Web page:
• Abstract: If there is one issue in contemporary international relations that continues to provoke interest in academic and policy making circles alike it is how states, regions and the world should react to a rising China. While the influence of the People's Republic is being felt from Africa and the Global South through to the developed economies of North America and Europe, it is in East Asia where a re-emerging China has most focused the minds of diplomats and strategists, leaders and scholars and, indeed, the military men and women who must navigate this increasingly precarious great power polity. Within this East Asian context this new volume by David Martin Jones, Nicholas Khoo and MLR Smith delivers thoughtful and attentive analysis to the problem of responding to China's rise. The book is neither a historical account of the rise of China, though it does offer sufficient historical contextualisation for the reader, or another collection of prescriptive policy suggestions, though there are clear conclusions made about which regional and state strategies have best dealt with the rise of the Sinic superpower. Instead, this book is a theoretically informed, consistently argued and well written account of how states in a broadly defined East Asia have and continue to react to the changing security environment that confronts them in the first decades of the twenty-first century.
  • Topic: International Relations, Security, Economics, Environment
  • Political Geography: Africa, China, America, Asia
  • Publication Date: 02-2015
  • Content Type: Journal Article
  • Journal: Ethics International Affairs Journal
  • Institution: Carnegie Council
  • Abstract: Ethics International Affairs is pleased to announce the publication of its winter 2014 issue. This issue includes an essay by Jacinta O'Hagan and Miwa Hirono on "cultures of humanitarianism" in East Asia; articles by Christopher Kutz on torture, American security policy, and norm death, and Ruben Reike on an international crimes approach to preventing mass atrocities; a book symposium on Mathias Risse's On Global Justice, featuring contributions from Richard Arneson, Helena de Bres, Anna Stilz, and Risse; and a review essay by Nancy Birdsall on Thomas Piketty's Capital.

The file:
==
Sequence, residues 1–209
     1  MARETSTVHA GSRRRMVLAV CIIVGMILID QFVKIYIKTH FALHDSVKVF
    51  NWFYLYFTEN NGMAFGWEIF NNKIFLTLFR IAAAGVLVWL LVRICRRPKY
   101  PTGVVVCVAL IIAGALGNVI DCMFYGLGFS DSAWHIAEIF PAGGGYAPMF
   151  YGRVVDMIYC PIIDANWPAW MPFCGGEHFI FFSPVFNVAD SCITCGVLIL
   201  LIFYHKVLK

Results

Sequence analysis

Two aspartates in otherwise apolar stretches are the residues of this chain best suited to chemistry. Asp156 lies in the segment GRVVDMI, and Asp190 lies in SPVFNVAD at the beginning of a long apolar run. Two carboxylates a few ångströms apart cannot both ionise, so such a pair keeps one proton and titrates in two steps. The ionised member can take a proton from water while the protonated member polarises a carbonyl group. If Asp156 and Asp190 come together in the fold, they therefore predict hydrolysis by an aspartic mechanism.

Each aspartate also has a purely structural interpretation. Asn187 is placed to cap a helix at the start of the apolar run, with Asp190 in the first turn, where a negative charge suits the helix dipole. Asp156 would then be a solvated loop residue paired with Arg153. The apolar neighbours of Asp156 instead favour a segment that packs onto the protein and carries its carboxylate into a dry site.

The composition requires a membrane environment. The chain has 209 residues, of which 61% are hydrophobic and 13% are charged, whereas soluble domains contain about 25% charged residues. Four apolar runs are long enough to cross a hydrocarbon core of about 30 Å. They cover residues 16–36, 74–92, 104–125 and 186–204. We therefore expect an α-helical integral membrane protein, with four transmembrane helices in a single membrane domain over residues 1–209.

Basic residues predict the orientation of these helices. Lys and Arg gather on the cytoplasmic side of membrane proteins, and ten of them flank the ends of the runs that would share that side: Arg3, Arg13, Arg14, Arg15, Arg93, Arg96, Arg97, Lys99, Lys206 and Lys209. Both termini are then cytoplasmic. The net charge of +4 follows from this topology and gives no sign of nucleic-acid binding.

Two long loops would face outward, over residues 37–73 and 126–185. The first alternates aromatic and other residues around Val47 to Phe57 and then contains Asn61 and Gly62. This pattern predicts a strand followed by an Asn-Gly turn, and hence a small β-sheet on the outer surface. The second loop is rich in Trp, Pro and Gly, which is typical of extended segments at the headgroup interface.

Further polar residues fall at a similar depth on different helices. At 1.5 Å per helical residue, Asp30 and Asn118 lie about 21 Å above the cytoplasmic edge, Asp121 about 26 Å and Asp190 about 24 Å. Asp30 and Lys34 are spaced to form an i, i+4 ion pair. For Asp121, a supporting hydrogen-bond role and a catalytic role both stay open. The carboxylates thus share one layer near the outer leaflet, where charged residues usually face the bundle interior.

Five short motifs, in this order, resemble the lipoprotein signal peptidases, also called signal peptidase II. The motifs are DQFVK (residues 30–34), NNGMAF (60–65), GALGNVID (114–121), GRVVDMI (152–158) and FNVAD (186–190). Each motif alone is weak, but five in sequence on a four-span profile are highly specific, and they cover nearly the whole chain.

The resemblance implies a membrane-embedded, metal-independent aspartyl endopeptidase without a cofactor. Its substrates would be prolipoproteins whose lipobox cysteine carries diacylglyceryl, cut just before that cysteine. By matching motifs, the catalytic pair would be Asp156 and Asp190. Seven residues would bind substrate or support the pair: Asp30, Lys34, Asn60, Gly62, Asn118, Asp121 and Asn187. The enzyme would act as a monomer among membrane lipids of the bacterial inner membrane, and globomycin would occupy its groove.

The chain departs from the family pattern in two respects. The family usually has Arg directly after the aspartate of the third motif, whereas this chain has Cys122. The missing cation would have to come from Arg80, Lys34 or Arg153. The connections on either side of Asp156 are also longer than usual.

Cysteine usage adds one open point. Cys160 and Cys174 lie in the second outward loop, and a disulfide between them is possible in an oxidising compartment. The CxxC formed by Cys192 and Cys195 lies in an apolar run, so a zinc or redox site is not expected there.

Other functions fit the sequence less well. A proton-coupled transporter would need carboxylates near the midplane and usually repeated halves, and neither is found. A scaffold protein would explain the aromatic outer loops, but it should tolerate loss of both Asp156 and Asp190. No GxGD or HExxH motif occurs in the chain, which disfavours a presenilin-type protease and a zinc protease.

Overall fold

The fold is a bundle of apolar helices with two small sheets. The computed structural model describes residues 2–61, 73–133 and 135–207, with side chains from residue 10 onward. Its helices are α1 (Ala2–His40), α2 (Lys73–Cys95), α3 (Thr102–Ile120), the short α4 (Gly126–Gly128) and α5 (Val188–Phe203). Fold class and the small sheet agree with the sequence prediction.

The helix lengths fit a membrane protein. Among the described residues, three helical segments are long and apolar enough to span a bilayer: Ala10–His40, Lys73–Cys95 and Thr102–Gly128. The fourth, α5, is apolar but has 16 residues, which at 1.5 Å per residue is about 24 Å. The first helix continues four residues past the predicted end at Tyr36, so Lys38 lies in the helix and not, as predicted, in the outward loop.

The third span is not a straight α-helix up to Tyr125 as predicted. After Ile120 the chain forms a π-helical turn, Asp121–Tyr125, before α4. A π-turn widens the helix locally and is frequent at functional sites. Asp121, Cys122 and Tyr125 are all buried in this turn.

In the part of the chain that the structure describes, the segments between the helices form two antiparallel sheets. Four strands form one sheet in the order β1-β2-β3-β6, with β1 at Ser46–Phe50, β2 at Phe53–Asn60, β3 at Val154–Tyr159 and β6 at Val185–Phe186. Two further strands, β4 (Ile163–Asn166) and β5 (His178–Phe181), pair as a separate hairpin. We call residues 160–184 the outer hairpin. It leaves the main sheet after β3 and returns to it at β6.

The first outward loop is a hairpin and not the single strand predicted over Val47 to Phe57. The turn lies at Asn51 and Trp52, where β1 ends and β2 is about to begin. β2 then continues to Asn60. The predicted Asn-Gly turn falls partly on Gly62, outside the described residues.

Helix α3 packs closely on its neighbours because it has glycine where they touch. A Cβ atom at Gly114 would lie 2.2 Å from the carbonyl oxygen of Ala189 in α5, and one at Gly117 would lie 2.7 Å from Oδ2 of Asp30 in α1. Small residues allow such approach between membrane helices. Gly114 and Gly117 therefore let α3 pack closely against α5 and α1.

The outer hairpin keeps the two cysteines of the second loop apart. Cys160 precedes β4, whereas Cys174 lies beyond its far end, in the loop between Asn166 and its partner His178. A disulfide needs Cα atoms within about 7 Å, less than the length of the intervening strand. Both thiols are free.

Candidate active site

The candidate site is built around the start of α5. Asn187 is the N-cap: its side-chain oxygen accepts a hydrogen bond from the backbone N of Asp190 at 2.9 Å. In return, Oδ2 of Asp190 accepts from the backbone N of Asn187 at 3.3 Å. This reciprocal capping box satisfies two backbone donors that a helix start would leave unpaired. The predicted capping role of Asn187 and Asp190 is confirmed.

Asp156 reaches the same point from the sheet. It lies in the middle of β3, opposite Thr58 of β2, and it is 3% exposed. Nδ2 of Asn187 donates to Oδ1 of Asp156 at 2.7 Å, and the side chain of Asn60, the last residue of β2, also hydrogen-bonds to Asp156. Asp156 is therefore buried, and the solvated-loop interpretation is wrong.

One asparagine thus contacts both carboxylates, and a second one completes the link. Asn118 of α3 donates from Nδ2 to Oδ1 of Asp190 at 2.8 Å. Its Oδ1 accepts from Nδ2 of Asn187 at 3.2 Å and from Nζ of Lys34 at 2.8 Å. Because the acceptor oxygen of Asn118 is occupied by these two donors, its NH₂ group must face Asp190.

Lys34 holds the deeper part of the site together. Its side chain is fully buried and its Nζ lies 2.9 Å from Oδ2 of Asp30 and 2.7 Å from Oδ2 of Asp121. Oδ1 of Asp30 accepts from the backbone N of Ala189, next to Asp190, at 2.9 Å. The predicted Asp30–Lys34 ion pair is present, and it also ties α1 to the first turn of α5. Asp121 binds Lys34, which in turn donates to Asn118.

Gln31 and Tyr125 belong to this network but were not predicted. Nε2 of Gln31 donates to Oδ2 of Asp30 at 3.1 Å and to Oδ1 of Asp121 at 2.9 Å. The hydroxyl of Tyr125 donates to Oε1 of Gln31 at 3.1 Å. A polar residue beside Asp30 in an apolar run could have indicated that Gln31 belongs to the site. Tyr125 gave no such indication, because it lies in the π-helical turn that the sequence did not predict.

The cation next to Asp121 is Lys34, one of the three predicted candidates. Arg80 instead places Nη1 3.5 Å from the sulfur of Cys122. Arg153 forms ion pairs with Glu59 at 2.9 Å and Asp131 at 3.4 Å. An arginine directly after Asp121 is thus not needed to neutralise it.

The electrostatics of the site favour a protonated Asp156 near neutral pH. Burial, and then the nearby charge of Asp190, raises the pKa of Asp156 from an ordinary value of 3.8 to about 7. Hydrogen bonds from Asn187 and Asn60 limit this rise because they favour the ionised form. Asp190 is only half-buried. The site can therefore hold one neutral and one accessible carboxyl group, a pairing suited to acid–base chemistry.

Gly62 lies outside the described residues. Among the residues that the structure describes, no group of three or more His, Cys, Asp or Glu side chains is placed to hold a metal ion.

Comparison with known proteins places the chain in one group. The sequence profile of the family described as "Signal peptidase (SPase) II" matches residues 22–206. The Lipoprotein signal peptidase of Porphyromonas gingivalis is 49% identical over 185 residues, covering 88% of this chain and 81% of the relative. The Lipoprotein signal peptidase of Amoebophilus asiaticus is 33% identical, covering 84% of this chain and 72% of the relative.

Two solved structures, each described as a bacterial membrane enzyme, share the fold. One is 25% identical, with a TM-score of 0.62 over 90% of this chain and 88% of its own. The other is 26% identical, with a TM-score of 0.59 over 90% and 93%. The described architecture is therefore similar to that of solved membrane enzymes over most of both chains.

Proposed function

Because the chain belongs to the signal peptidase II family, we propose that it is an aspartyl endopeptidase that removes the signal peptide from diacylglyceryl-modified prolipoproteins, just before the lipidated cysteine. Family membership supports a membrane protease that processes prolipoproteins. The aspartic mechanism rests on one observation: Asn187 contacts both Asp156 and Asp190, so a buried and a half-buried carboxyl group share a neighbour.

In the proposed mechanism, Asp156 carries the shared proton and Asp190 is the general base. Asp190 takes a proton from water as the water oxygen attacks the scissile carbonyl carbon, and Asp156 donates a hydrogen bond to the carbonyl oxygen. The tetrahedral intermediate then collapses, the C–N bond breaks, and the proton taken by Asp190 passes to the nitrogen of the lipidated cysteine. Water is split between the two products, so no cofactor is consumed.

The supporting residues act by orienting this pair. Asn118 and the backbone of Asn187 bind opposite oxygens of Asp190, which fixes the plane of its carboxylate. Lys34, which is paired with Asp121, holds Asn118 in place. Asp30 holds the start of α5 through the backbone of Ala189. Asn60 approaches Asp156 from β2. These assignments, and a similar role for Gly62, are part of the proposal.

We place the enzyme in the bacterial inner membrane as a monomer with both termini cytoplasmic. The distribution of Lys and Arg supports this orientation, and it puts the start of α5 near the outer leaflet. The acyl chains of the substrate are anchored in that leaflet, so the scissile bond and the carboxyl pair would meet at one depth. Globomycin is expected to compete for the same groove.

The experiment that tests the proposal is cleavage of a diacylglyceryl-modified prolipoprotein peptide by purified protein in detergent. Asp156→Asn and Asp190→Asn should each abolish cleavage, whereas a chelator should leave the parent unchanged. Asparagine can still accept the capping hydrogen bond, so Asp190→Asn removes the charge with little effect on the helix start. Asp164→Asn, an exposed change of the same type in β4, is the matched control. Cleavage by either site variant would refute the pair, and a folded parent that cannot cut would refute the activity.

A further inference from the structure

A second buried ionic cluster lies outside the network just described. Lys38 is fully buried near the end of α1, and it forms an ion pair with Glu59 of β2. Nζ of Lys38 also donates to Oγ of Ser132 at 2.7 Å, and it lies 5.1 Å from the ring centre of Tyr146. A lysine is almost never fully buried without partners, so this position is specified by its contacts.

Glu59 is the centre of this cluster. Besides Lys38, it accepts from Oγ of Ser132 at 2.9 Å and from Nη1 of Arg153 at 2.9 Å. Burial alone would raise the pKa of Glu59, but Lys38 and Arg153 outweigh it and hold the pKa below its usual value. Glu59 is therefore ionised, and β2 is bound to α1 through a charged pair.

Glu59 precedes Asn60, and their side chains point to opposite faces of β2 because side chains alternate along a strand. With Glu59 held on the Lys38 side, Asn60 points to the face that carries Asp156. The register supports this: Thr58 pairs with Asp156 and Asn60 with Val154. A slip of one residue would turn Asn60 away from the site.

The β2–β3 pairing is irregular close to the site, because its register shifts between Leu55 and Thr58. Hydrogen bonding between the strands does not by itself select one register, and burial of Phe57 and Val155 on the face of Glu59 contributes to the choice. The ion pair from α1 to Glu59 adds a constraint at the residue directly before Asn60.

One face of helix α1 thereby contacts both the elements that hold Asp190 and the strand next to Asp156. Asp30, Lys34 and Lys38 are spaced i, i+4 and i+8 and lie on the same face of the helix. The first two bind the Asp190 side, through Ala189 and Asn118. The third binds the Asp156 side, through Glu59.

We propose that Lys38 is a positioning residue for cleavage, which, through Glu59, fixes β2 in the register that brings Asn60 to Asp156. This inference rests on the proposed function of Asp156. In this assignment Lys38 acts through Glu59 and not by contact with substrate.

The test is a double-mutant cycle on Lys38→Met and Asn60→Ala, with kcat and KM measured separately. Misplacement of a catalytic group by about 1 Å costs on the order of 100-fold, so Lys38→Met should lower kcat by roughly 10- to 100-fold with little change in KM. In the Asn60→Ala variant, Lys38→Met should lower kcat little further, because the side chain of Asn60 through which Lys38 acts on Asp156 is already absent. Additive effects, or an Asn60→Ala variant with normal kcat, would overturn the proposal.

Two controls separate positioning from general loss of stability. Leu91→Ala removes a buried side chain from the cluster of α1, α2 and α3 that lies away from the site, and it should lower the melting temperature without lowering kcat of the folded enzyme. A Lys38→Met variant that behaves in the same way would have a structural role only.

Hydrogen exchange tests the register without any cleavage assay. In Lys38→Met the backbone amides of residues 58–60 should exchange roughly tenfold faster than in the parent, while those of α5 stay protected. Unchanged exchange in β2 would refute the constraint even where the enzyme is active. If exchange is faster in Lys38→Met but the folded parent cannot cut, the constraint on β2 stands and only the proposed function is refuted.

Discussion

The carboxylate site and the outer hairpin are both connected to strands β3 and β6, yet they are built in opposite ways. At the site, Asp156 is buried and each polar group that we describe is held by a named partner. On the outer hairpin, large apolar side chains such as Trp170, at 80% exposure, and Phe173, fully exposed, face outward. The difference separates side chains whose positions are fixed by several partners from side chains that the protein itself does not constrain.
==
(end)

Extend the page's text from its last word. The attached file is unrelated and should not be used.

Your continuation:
• Topic: Security, Culture
  • Political Geography: America, East Asia
  • Author: Leonard Edwards, Peter Jennings
  • Publication Date: 02-2014
  • Content Type: Working Paper
  • Institution: Centre for International Governance Innovation
  • Abstract: Canada and Australia have shared interests in bolstering economic prosperity and security cooperation across East Asia. The focus of the world economy has shifted to Asia; Canada should follow the path Australia has taken for decades and orient itself — in economic and security terms — toward the emerging economies of East Asia. The risk of regional instability is growing, however, due to China's re-emergence, continued speculation about US strategic engagement in Asia and increased competition over disputed maritime boundaries. These developments provide opportunities for collaboration between countries like Canada and Australia. Non-traditional security threats, including natural disasters, climate change, food security and cyber security, point to a range of areas where the two countries can work more closely together.
  • Topic: Security, Diplomacy, Economics, International Trade and Finance, Bilateral Relations, Governance
  • Political Geography: America, Canada, Australia
  • Author: Shannon K. O'Neil
  • Publication Date: 10-2014
  • Content Type: Working Paper
  • Institution: Council on Foreign Relations
  • Abstract: North America was once called the New World. The people, their ideas, and the resources of the continent shaped the histories of the Old World—East and West. Today, North America is home to almost five hundred million people living in three vibrant democracies. If the three North American countries deepen their integration and cooperation, they have the potential to again shape world affairs for gen-erations to come.
  • Topic: Security, Economics, Energy Policy, International Trade and Finance
  • Political Geography: United States, America
  • Author: Nadia Helmy
  • Publication Date: 03-2014
  • Content Type: Journal Article
  • Journal: Iranian Review of Foreign Affairs
  • Institution: Center for Strategic Research